With Profs Hiroo Sono (Hokkaido U), Kenji Saigusa (Waseda) and Andrew Pardieck (Southern Illinois U), I was pleased to co-author a book manuscript on “Contract Law in Japan”, which is now in press. As mentioned in our Preface reproduced below, it aims to provide the first English-language volume incorporating an analysis of Japan’s first comprehensive reforms to the Civil Code since the late 19th century, enacted in 2017 and coming into force from 2020.
This volume provides an analysis of contract law in Japan as reformed in 2017. The law of obligations, including contract law, in the Japanese Civil Code of 1896 had remained largely intact for over 120 years until this reform took place. The amendments cover the law of obligations, but exclude the law of torts and the law of restitution from their scope. Thus, this was basically a contract law reform. It is a result of an extensive drafting process that stretches over 11 years (or 8 years, depending on what one counts as the drafting process). The reform attempts to modernize Japanese contract law, to incorporate case law developments into the Civil Code, and to promote the global convergence of contract law.
The reformed Civil Code will come into effect on 1 April 2020. This volume aspires to be the first English-language overview of contract law in Japan that provides up-to-date accounts of the reform of 2017.
Some notes on how to use this volume are in order.
• The provisions of the Japanese Civil Code cited in this volume are, unless otherwise indicated, those of the Civil Code as revised in 2017. Accounts of the provisions prior to the 2017 Reform are included only when the authors considered it significant to highlight the change.
• Article numbers cited in brackets, without indication of which law they refer to, are those of the Civil Code as revised in 2017. When citing provisions of other laws, the title of the law is indicated unless it is obvious from the context.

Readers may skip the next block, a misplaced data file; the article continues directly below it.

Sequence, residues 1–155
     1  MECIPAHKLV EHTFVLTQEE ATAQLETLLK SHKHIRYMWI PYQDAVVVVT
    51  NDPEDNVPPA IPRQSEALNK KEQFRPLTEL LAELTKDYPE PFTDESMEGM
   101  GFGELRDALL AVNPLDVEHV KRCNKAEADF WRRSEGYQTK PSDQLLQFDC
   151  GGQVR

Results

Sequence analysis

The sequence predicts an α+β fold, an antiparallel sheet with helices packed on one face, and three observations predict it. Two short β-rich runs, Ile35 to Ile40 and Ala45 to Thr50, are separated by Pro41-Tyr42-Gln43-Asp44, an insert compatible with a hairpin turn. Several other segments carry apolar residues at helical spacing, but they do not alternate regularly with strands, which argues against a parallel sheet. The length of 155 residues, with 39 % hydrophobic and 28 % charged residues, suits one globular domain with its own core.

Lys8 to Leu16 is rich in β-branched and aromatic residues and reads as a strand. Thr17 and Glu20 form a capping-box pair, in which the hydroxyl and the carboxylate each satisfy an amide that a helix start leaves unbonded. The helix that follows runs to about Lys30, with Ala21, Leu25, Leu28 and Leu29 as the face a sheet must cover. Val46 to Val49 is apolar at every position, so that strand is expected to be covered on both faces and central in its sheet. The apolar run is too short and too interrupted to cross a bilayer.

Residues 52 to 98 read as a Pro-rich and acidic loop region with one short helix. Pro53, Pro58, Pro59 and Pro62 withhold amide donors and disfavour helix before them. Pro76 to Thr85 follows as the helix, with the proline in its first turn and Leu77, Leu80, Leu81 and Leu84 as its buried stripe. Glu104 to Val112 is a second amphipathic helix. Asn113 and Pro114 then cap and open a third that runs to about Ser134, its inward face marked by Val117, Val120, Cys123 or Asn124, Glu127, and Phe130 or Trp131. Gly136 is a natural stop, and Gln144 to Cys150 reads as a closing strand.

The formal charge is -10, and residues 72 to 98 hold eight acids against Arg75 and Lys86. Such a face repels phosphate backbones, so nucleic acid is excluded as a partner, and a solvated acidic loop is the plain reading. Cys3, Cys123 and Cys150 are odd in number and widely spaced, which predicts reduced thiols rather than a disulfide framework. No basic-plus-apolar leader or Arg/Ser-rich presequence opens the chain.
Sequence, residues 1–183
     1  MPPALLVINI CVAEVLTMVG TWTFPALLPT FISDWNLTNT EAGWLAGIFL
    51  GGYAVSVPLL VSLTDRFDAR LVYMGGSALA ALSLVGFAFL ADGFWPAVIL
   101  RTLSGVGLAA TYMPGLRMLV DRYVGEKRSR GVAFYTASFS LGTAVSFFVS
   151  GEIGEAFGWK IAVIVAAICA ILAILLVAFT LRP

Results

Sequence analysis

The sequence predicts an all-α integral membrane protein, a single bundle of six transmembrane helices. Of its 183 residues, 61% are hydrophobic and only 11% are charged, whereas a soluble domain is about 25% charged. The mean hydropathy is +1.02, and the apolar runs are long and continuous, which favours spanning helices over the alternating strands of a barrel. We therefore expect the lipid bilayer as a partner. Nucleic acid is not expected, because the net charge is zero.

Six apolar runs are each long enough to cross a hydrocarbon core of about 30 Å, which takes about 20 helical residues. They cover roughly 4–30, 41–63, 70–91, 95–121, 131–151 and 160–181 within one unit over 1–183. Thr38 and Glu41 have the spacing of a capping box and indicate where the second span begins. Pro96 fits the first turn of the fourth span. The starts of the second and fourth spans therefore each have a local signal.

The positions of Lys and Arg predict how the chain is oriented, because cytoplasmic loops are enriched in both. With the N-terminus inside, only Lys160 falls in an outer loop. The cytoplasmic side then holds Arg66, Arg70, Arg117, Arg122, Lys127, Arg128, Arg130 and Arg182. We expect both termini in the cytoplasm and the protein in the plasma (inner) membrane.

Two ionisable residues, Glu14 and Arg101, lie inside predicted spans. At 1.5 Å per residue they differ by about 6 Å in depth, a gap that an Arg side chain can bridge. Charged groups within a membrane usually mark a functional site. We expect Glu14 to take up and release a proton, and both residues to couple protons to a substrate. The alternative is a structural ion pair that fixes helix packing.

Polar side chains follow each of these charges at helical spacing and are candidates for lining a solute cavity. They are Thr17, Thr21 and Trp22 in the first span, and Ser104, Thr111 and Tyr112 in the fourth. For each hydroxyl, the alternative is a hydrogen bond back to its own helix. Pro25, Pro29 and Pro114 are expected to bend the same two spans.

• There is no official English-language translation of provisions of the Japanese law. However, the “Japanese Law Translation” website maintained by the Japanese Ministry of Justice, available at http://www.japaneselawtranslation.go.jp, offers semi-official translations of many laws. The translations of Japanese laws and terminology used in this book are mostly taken from that website, including its regularly updated Standard Legal Terms Dictionary downloadable through “Dictionary Search”. Where unavailable or otherwise appropriate, we have used our own translations. Unfortunately, an English-language translation of the Civil Code as revised in 2017 was not available when we were writing this book. After its completion, a German-language translation coordinated by Professor Keizo Yamamoto was published in Issue 45 of the Journal of Japanese Law (2018) pp. 183-305.
• Non-official English-language translations of some Supreme Court judgments are available at the Supreme Court of Japan’s website. In order to save space, we have not indicated URLs to every Supreme Court judgment cited in this volume. They are easily searchable by accessing http://www.courts.go.jp/app/hanrei_en/search?.
• The style used in this volume does not incorporate macrons or such like in romanised Japanese words to indicate long vowel sounds. Readers of Japanese should already know those sounds, while non-readers do not really need to be told about them.
As this volume belongs to the International Encyclopaedia of Laws/Contract Law series, it follows the structure of the other monographs in the series in order to make functional comparison across different jurisdictions possible. This means that the volume does not follow the sequence of the provisions as they appear in the Civil Code. This has the effect of bringing to light for the authors some interesting insights about how to view contract law. These will be more fully developed in our future writings.
This volume has had a long gestation period. We are grateful to Kluwer for their patience in allowing us to follow the reform process, and to Professor Jacques Herbots for giving us the opportunity to write this book.
We are also grateful to Ganesh Vaheisvaran, Beverly Pargungao, Matthew Power and especially Kirsten Gan for editorial and research assistance. We also acknowledge funding from Sydney Law School, as well as the hosting provided to Nottage for sabbatical research in 2011 at Hokkaido University, and Kyoto University (courtesy of Professor Keizo Yamamoto).